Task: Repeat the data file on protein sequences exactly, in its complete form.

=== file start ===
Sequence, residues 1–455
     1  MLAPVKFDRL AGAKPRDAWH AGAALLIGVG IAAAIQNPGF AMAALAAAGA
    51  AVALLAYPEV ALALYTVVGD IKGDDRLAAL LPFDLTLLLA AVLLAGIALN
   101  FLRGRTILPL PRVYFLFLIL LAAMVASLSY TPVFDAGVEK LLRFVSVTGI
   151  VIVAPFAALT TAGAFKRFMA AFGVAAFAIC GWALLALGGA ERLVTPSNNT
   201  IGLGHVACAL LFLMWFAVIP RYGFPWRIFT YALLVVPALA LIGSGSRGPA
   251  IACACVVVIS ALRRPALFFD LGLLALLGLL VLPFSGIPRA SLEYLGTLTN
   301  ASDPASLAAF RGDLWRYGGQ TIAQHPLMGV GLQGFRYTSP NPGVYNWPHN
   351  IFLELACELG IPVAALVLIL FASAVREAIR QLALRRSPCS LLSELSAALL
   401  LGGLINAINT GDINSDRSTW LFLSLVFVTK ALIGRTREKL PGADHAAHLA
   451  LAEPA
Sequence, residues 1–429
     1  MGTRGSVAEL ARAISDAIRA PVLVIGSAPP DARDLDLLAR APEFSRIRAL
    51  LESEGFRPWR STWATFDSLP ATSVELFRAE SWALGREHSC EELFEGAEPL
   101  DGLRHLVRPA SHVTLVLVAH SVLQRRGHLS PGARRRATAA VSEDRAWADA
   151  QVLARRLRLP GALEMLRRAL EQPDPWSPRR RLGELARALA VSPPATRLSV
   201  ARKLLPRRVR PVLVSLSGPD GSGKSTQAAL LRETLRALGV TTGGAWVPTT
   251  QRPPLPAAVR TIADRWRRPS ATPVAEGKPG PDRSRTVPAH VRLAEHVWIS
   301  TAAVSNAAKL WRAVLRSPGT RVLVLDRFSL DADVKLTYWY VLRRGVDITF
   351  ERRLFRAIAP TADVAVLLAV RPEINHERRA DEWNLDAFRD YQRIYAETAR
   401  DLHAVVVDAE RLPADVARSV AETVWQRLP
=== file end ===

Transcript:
Sequence, residues 1–455
     1  MLAPVKFDRL AGAKPRDAWH AGAALLIGVG IAAAIQNPGF AMAALAAAGA
    51  AVALLAYPEV ALALYTVVGD IKGDDRLAAL LPFDLTLLLA AVLLAGIALN
   101  FLRGRTILPL PRVYFLFLIL LAAMVASLSY TPVFDAGVEK LLRFVSVTGI
   151  VIVAPFAALT TAGAFKRFMA AFGVAAFAIC GWALLALGGA ERLVTPSNNT
   201  IGLGHVACAL LFLMWFAVIP RYGFPWRIFT YALLVVPALA LIGSGSRGPA
   251  IACACVVVIS ALRRPALFFD LGLLALLGLL VLPFSGIPRA SLEYLGTLTN
   301  ASDPASLAAF RGDLWRYGGQ TIAQHPLMGV GLQGFRYTSP NPGVYNWPHN
   351  IFLELACELG IPVAALVLIL FASAVREAIR QLALRRSPCS LLSELSAALL
   401  LGGLINAINT GDINSDRSTW LFLSLVFVTK ALIGRTREKL PGADHAAHLA
   451  LAEPA
Sequence, residues 1–429
     1  MGTRGSVAEL ARAISDAIRA PVLVIGSAPP DARDLDLLAR APEFSRIRAL
    51  LESEGFRPWR STWATFDSLP ATSVELFRAE SWALGREHSC EELFEGAEPL
   101  DGLRHLVRPA SHVTLVLVAH SVLQRRGHLS PGARRRATAA VSEDRAWADA
   151  QVLARRLRLP GALEMLRRAL EQPDPWSPRR RLGELARALA VSPPATRLSV
   201  ARKLLPRRVR PVLVSLSGPD GSGKSTQAAL LRETLRALGV TTGGAWVPTT
   251  QRPPLPAAVR TIADRWRRPS ATPVAEGKPG PDRSRTVPAH VRLAEHVWIS
   301  TAAVSNAAKL WRAVLRSPGT RVLVLDRFSL DADVKLTYWY VLRRGVDITF
   351  ERRLFRAIAP TADVAVLLAV RPEINHERRA DEWNLDAFRD YQRIYAETAR
   401  DLHAVVVDAE RLPADVARSV AETVWQRLP